Gov. Edwards Often A Big Winner At Craps, Casino Official Says
NEW ORLEANS (AP) _ Gov. Edwin Edwards was sometimes a big winner shooting craps in Nevada, despite government evidence that he owed hundreds of thousands of dollars after some gambling expeditions, a casino official testified Tuesday.
Verne Welch, assistant general manager at Harrah’s Lake Tahoe casino, testified that evidence showing Edwards’ debts of about $686,000 at Harrah’s over the three years beginning December 1981 did not point out that the governor won about $562,500 during the 10 trips cited by federal prosecutors.
Neither Welch nor Edwards, who gave a news conference outside the courthouse, explained why he did not pay back the debts immediately out of his winnings, or if he gambled the money away at other casinos.
Edwards said he could not comment on trial testimony because of a judge’s gag order.
Prosecutors say Edwards ran up $2 million in debts at Nevada casinos oveer three years and owed as much as $800,000 at one time. The debts were a possible motive for his involvement in an alleged $10 million hospital and nursing home investment scam in which he made $2 million, prosecutors say.
Edwards and seven others are charged with racketeering and fraud, accused of using their influence to gain state certification for health care projects in which they held interests.
Other defendants include the governor’s brother, Marion; their nephew, Charles Isbell; and their business associates, Ronald Falgout, James Wyllie Jr., Philip Brooks, and Gus Mijalis.
Earlier testimony in the 11-week-old trial showed that Edwards left various Nevada casinos owing hundreds of thousands of dollars. At least twice, he paid off the debts by giving suitcases full of cash to people sent from the casinos.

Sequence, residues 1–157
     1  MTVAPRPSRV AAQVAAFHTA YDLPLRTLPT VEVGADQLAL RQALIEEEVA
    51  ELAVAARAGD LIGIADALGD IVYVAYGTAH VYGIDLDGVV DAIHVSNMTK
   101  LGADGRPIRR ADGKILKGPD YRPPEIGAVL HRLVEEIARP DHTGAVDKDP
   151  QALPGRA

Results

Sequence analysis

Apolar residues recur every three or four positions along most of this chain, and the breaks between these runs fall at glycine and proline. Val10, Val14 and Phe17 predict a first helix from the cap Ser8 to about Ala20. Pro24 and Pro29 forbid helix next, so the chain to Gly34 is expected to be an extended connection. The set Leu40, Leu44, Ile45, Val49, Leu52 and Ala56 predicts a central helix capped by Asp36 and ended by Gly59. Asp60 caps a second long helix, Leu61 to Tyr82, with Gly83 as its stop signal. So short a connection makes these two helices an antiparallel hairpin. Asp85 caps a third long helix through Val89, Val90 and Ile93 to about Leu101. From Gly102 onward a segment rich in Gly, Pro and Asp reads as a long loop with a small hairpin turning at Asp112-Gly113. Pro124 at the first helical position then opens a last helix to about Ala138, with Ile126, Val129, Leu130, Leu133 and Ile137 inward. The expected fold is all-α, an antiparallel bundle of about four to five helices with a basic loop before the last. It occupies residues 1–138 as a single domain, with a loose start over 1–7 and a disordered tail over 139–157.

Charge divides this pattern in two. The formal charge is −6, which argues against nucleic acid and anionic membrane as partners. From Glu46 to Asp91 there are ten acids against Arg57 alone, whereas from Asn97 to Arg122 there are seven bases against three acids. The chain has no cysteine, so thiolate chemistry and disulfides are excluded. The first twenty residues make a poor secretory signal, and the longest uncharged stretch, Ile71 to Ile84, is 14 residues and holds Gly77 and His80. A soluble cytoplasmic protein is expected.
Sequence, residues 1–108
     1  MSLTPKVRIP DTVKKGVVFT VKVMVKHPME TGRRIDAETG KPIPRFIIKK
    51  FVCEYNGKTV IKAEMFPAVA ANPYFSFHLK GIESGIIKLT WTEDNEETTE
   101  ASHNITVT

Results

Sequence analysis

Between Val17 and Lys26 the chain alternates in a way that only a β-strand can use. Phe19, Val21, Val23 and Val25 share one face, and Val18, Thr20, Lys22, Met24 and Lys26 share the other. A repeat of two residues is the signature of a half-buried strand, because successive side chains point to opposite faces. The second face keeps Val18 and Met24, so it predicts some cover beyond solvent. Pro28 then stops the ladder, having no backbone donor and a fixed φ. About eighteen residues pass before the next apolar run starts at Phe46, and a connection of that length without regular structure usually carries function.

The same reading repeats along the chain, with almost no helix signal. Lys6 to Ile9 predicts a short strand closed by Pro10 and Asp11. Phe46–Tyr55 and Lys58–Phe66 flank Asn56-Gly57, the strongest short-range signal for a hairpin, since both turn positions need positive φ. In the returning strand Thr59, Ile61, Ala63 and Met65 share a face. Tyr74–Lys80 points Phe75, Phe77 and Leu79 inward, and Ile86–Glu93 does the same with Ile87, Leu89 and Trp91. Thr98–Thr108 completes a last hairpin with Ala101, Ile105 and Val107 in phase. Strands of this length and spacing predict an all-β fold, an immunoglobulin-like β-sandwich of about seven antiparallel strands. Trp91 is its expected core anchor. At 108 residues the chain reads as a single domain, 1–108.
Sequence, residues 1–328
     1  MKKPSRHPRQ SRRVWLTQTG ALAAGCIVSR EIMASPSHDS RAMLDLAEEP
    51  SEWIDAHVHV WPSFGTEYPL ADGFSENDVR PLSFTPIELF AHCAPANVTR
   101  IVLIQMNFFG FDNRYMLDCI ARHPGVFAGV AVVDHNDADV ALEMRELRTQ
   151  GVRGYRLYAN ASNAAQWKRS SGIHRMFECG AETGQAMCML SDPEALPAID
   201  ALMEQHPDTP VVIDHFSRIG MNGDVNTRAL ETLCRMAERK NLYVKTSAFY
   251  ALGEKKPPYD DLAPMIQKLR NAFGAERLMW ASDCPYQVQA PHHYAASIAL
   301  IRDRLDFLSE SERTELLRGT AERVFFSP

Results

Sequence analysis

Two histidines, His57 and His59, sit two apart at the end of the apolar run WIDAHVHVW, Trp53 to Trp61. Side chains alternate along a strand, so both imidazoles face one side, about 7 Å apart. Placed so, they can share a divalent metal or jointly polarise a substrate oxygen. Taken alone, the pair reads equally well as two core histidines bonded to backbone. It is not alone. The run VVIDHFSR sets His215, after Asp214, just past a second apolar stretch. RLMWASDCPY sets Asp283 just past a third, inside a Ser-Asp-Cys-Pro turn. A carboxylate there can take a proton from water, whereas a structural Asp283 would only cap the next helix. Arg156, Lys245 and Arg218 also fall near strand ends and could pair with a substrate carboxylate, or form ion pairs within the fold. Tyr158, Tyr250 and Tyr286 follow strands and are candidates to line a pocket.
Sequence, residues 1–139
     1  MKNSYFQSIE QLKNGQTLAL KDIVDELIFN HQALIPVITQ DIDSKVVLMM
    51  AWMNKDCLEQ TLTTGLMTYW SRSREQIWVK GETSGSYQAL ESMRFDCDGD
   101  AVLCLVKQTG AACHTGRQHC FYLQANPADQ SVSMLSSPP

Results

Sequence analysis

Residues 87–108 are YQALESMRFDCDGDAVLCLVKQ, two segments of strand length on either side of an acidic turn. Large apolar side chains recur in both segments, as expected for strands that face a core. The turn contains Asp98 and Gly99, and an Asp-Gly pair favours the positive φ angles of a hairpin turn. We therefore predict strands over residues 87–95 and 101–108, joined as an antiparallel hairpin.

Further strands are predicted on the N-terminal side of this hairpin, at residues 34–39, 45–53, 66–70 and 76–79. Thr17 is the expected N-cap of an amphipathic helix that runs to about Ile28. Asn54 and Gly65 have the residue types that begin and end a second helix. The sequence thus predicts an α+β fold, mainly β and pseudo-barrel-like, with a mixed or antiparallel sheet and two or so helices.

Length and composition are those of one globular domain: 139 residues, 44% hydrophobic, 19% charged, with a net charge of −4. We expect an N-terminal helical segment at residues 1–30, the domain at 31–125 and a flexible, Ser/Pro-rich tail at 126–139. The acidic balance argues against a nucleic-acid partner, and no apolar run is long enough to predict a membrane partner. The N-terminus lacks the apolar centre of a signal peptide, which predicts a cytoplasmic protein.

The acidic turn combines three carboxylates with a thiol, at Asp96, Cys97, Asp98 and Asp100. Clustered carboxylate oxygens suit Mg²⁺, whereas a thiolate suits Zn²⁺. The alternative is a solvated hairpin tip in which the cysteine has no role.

Edwards, during his trips to Harrah’s, signed for many thousands of dollars worth of chips, went to the dice table to shoot craps, then left the casino - whether he won or lost - without immediately paying his debt for the chips, Welch said.
″Do you permit that?″ asked Edwards’ chief defense lawyer, James Neal.
″Yes,″ Welch replied.
During cross-examination, U.S. Attorney John Volz asked Welch why Edwards used aliases, such as E. Lee and T. Wong, when he gambled.
Welch said many famous people, including entertainer Liza Minnelli and former New York Yankees manager Billy Martin, used phony names at Harrah’s to avoid having their names mentioned publicly when they were paged for telephone calls, to turn attention away from themselves and for a variety of other reasons.
Volz suggested the use of aliases could make tracing winnings and losses more difficult.
Welch said casino workers in the gambling areas knew who Edwards was and kept track of his progress. But under persistent questioning from Volz, he admitted the records might be incomplete and that a person using an alias might be able to avoid detection of some of his winnings or losses.